# Periodic force action

1. Oct 7, 2009

### Bob_for_short

It is not a home work.

Let us suppose that at t=0 a particle is at rest. At t=0 we switch on a periodic force F(t) = F0sin(ωt). Without integrating the Newton equation, do you think such a force is capable of displacing the particle to very far places as the time goes on?

Last edited: Oct 7, 2009
2. Oct 7, 2009

### Staff: Mentor

Yes. I think a cosine would not.

3. Oct 7, 2009

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4. Oct 7, 2009

### DocZaius

What is the thinking behind this solution? Was it reached mathematically (but without integrating the Newton equation) or intuitively?

5. Oct 7, 2009

### Staff: Mentor

Kind of a little of both. During the positive lobe of the sine wave the object gains momentum. Then during the negative lobe it loses momentum. The amount of momentum gained is equal to the amount lost (effectively an integration in my head) so the velocity is always positive or zero, never negative.

6. Oct 7, 2009

### DocZaius

Although I infer (perhaps wrongly) that you mean to say the force would be rotating and thus changing direction periodically, it seems from looking at your equation that the force will merely be scaled with time, and not redirected. Even though there is an angular velocity in the sin function, the sin function still results in a scalar. Could you specify which assumptions I wrongly made or more likely, should have made?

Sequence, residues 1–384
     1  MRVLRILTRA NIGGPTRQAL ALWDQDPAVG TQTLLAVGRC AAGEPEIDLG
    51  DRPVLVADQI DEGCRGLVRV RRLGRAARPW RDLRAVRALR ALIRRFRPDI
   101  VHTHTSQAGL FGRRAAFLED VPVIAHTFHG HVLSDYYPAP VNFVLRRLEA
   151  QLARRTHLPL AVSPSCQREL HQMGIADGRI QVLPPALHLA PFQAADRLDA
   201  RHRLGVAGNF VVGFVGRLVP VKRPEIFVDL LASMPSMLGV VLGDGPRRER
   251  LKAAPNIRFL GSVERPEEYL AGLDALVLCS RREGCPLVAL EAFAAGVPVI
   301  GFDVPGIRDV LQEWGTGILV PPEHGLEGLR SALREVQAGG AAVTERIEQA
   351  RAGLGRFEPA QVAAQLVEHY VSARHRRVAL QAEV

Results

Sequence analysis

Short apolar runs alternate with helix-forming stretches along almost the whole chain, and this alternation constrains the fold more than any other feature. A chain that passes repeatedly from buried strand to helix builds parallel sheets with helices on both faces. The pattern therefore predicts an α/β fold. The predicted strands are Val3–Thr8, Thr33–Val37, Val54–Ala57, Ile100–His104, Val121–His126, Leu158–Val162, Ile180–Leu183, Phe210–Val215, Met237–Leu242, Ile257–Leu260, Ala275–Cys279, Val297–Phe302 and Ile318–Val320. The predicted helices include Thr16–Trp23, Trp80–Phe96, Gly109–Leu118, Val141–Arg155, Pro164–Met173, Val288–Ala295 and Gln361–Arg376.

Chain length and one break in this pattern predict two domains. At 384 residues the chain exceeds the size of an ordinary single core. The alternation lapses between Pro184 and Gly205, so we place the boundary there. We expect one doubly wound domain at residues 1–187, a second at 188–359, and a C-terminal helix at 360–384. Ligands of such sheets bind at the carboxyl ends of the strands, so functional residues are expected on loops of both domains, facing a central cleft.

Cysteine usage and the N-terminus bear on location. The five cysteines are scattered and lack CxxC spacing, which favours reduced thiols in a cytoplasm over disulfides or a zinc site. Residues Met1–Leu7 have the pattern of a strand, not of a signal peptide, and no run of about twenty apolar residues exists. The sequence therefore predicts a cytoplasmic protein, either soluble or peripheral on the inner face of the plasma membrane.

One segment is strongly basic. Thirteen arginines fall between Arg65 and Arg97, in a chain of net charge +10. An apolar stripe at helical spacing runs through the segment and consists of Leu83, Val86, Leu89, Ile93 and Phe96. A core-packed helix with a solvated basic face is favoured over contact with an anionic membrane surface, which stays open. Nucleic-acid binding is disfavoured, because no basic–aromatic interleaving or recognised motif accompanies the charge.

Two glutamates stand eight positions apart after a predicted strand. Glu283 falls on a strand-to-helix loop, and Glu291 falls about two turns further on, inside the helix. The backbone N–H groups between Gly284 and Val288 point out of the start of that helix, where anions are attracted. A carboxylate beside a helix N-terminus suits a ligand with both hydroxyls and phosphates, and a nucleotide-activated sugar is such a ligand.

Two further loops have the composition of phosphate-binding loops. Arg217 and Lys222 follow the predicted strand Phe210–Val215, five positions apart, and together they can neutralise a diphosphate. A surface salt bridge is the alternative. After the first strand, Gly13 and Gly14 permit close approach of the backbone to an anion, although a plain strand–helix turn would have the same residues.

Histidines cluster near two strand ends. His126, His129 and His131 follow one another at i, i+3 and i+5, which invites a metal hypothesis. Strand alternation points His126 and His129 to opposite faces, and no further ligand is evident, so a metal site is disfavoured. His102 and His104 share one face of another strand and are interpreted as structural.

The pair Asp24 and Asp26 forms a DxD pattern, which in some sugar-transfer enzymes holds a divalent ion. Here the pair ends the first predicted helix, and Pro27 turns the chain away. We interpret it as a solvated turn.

edit: Upon thinking it over, I think you do mean it as a scalar and a one dimensional problem. In that case I suppose it does matter if the problem starts with maximum force (cosine) or with minimum force (sine)...

Last edited: Oct 7, 2009
7. Oct 7, 2009

### Bob_for_short

Exactly! It is a 1D problem. It happens that the initial phase of the force is important. Only in the particular case of cos(ωt) the particle oscillates around the initial position. In any other case the particle "drifts" away.

Last edited: Oct 7, 2009